Management and Prevention of Renal Stones:
About 90% of stones 4 mm or less in size usually will pass
spontaneously; however 9% of stones larger than 6 mm or
a staghorn impacted stone will require some form of intervention.
There are various measures that can be used to encourage the
passage of a stone. These can include increased hydration, medication
for treating infection and reducing pain, and to encourage urine
flow and prevent further stone formation. Caution should be
exercised in eating certain foods, such as star fruit, with
high concentrations of oxalate which may precipitate acute renal
failure in patients with chronic renal disease.
Preventive strategies include dietary modifications reducing
excretory load on the kidneys. In most cases, a smaller stone
that is not symptomatic is often given up to four weeks to move
or pass before consideration is given to any surgical intervention
as it has been found that waiting longer tends to lead to additional
complications. Immediate treatment and even surgical intervention
may be required in certain situations such as in people with
only one working kidney, bilateral obstructing stones, and intractable
pain or in the presence of an infected kidney blocked by a stone
which can cause sepsis where the life of the patient is at risk.
Water intake: Drinking enough water to make 2 to 2.5 liters
of urine per day.
Beverages: Avoidance of cola beverages.
Vitamin: Avoiding large doses of vitamin C.
Intake of calcium: Calcium plays a vital role in body chemistry
so limiting calcium may be unhealthy. Since calcium in the intestinal
tract will bind with available oxalate, thereby preventing its
absorption into the blood stream, some nephrologists and urologists
recommend chewing calcium tablets during meals containing oxalate
Oxalate food: Restriction of oxalate-rich foods, such as chocolate,
nuts, soybeans, rhubarb and spinach, plus maintenance of an
adequate intake of dietary calcium.
Decreased protein diet: A diet low in protein, nitrogen and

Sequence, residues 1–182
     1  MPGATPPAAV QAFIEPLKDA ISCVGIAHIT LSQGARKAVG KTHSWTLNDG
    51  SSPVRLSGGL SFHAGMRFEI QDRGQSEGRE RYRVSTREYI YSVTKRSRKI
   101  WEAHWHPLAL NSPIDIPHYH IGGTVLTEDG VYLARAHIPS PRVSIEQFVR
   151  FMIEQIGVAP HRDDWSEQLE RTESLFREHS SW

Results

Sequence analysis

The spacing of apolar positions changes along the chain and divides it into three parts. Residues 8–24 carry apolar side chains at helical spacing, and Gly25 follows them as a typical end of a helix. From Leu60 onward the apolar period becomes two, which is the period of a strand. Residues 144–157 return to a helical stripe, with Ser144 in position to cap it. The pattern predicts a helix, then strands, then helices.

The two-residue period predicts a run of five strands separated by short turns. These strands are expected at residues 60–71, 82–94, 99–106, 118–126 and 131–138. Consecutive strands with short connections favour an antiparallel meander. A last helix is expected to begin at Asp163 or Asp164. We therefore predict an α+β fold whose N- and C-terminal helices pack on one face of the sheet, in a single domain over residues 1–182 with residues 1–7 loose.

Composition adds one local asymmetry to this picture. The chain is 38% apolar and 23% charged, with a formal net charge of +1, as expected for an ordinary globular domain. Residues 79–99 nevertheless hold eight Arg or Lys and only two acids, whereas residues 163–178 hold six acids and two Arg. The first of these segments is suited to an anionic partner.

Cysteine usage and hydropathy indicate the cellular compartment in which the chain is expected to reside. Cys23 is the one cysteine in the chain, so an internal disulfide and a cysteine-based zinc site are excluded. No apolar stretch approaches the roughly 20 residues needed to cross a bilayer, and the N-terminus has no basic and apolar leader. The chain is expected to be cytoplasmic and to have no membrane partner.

sodium intake is usually advised.
Fruit juice: Some fruit juices, such as orange, blackcurrant,
and cranberry, may be useful for lowering the risk factors for
specific types of stones. Orange juice may help prevent calcium
oxalate stone formation, black currant may help prevent uric
acid stones, and cranberry may help with UTI-caused stones.
Homoeopathic Medicines for Renal Stones:
Homoeopathic medicines have great role in the treatment of renal
stone and to prevent its recurrence. Besides treating the cases
with homoeopathic potency, I have also prescribed some mother
tinctures as per the indications in the case. Application of
mother tincture in such cases greatly relieves the pains and
helps in easy expulsion of the stone from urinary tract. In
Homoeopathic Materia Medica we have a considerable number of
medicines which are very useful in such cases of kidney stones.
The anti-miasmatic constitutional treatment in a case of kidney
stone prevents the recurrent tendency of the stone and provides
the patient a pain free normal life.
Kidney stones typically leave the body by passage in the urine
stream, and many stones are formed and passed without causing
symptoms. If stones grow to sufficient size before passage on
the order of at least 2-3 millimeters they can cause obstruction
of the ureter. The resulting obstruction causes dilation or
stretching of the upper ureter and renal pelvis as well as muscle
spasm of the ureter, trying to move the stone. Sometimes, symptoms
such as difficulty in urinating, urinary urgency, penile pain,
or testicular pain may occur due to kidney stones. Surgical
techniques have also been developed to remove kidney stones
when other treatment methods are not effective especially in
cases of larger stone or impacted staghorn stones. In most of
the cases the above mentioned homoeopathic medicines are successfully
used to relieve pain, to drain out the stones and preventing
1. Allen, H. C.: Keynote Materia Medica;
B. Jain Publishers (P) Ltd.; New Delhi; Reprint Edition; 1998.
2. Bailey & Love: Short Practice of Surgery;
Arnold Publication, London; 24th Edition; 2004.
3. Boericke, W.: Homoeopathic Materia Medica
and Repertory; B. Jain Publishers (P) Ltd.; New Delhi; Reprint
4. Das, S.: A Concise Text Book of Surgery,
Dr. Das Publication; Kolkata; 3rd Edition; 2001.
5. Hering, C.: The Guiding symptoms of our
Materia Medica; B. Jain Publishers (P) Ltd.; New Delhi; Reprint
6. Hughes, R.: The Principles and Practice
of Homoeopathy; B. Jain Publishers (P) Ltd.; New Delhi; Reprint
7. Kent, J. T.: Repertory of the Homoeopathic
Materia Medica; B. Jain Publishers (P) Ltd.; New Delhi; Reprint
8. Schroyens, Fr.: Synthesis Repertory; B.
Jain Publishers (P) Ltd.; New Delhi; 8.1 Edition; 2002.